While looking back on Stranger Than Paradise one is witness to the beginning of the careers of several people who are now distinguished artists in the worlds of film and music. Director Jim Jarmusch and then-cinematographer Tom DiCillo have both become lauded auteur filmmakers in their own right, with Jarmusch taking the reins from the likes of John Cassavetes and John Sayles as an influential and recognisable figurehead of Amercian independent cinema, cementing his distinctive authority with appreciable works such as the offbeat Down By Law (1986) and the wonderful Mystery Train (1989). DiCillo established himself as a formidable directorial force in the early nineties with his own distinctive and stylish aesthetic in his debut, Johnny Suede (1991), then following it up with one of the defining films of the mid-nineties independent boom, the dynamic Living in Oblivion (1995). Actor John Lurie was already a cause celebre on the downtown scene thanks to his post-punk jazz combo, The Lounge Lizards, while over the ensuing decade he would appear in films as varied as Susan Siedelman’s downtown love letter, Desperately Seeking Susan (1985), Martin Scorsese’s inflammatory The Last Temptation of Christ (1988) and David Lynch’s subversive ode to Oz, Wild at Heart (1990). Lurie’s co-star Richard Edson carved out a career as a consummate and indelible character actor, supporting big names in commercial and critical hits like Ferris Bueller’s Day Off (1986), Platoon (1986), Good Morning Vietnam (1987) and Do the Right Thing (1989).
For Balint, the transition to Hollywood success wasn’t so easy, nor that desirable. In the succeeding years following on from her memorable turn as Eva, the actress appeared in few big screen roles, and less television ones. Despite the scarcity of her on-screen presence, Balint chose wisely, the few roles she did undertake each showcased her unique talent, working as she was for the likes of Woody Allen, Richard Shepard, and Steve Buscemi. Allen cast her in his luscious tribute to German Expressionism, Shadows and Fog (1991); for Shepard, she co-starred with Rosanna Arquette and David Bowie in the flawed but visually arresting and eccentric delight, The Linguini Incident (1991), and perhaps most notable, Balint gave a striking performance in Buscemi’s wonderfully empathetic depiction of alcoholism and the denizens of a working class neighbourhood bar, Trees Lounge (1996), playing Mark Boone Jr.’s emotionally bereft housewife. Marked roles with significant directors, yet Hollywood has eluded her. Why?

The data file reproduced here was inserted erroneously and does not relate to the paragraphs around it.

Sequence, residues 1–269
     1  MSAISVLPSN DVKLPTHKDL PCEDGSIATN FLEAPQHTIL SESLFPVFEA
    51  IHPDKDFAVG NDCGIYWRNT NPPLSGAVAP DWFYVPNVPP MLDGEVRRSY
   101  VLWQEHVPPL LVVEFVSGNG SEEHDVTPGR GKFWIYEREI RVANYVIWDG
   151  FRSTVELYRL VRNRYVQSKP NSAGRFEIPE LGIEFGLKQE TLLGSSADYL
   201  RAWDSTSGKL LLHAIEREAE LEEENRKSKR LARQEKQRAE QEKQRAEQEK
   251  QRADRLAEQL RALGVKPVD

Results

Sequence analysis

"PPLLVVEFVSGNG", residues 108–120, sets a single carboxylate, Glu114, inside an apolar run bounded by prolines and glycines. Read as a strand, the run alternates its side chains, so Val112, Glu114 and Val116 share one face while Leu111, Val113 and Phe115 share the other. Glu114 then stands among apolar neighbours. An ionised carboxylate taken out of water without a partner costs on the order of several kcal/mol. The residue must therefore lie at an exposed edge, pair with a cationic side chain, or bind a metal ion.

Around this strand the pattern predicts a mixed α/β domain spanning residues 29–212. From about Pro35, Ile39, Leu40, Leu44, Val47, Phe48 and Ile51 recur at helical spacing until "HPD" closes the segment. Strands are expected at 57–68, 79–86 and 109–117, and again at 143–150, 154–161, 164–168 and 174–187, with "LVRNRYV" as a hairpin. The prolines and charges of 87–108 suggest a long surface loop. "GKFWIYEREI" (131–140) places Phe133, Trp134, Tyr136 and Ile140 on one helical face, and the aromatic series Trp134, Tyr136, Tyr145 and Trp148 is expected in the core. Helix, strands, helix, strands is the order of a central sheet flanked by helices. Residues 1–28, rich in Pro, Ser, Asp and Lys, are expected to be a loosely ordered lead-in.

“I spent about seven years living in Los Angeles, hoping to do more acting while I was there. I did do a little bit of acting but I absolutely did not fit into what the acting world out there meant. I do, however, feel I was able to find my true self. So much of this acting stuff came about early on because I was in the right place at the right time. Perhaps I possessed a certain quality that worked for certain things, but it wasn’t like I set out to be an actor, I mean I was cast in some plays when I was younger and it turned out that I had a bit of a stage presence and that led on to other things. A lot of it I sort of happened into, and I had to kind of reinvent myself when I realised that whole lifestyle wasn’t my lifestyle.”
Balint has only recently returned to the screen, the small screen that is, but in a show that perhaps owes more to independent cinema than what is actually classed as independent cinema in today’s film culture, Louis CK’s Emmy Award-winning Louie. In the fourth season of the acclaimed show Balint plays a Hungarian love interest for the eponymous protagonist.
“I never discussed this with Louis but I think part of his inspiration in hiring me, and part of his aesthetic of some of that show, is that there’s conscious or unconscious hints or homage to “Stranger Than Paradise”. I do feel certain TV is venturing into what independent film used to be about more so than cinema currently is and I would put that show “Louie” up there for sure. I think the influence of “Stranger Than Paradise” has its tentacles in certain elements of independent film of today, but certainly in the more adventurous side of television.”
Has this recent return to acting intrigued Balint enough to return full-time to the profession?
“It would, and I hadn’t acted in a long time and it was really scary for me to do it, but I feel like I rose to the occasion and with it I found a connection to my life experience and to my performing; even though I haven’t been acting I have been active as a musician consistently through the years so it didn’t feel like that giant of a leap. I’m inspired because there’s a lot of great acting out there, especially in television and in shows like “Louie” and some of the cable shows, the calibre of acting has gone up. In a weird way, for the first time in a long time I am inspired to act again based on this experience with “Louie”, but he is special and very creative and I may not encounter that again so easily.